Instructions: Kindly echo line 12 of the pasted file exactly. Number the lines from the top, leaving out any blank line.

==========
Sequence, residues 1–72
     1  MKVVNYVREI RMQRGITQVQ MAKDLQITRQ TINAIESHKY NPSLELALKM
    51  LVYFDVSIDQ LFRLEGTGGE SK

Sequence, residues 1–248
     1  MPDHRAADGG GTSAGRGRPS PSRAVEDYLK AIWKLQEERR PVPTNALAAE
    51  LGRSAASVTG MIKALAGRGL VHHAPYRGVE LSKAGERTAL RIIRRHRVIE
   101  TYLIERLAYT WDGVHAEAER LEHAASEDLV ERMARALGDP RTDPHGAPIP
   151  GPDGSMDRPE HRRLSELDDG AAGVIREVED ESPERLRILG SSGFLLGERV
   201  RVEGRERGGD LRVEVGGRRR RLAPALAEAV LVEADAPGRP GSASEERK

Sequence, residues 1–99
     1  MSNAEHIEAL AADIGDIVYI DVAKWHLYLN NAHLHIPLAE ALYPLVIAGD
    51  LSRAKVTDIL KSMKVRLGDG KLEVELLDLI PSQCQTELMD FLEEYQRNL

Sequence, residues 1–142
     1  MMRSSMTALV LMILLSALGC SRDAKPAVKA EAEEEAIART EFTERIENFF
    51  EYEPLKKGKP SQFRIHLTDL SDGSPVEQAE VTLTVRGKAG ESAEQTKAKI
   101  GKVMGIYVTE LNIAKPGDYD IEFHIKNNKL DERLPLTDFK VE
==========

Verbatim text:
    51  LSRAKVTDIL KSMKVRLGDG KLEVELLDLI PSQCQTELMD FLEEYQRNL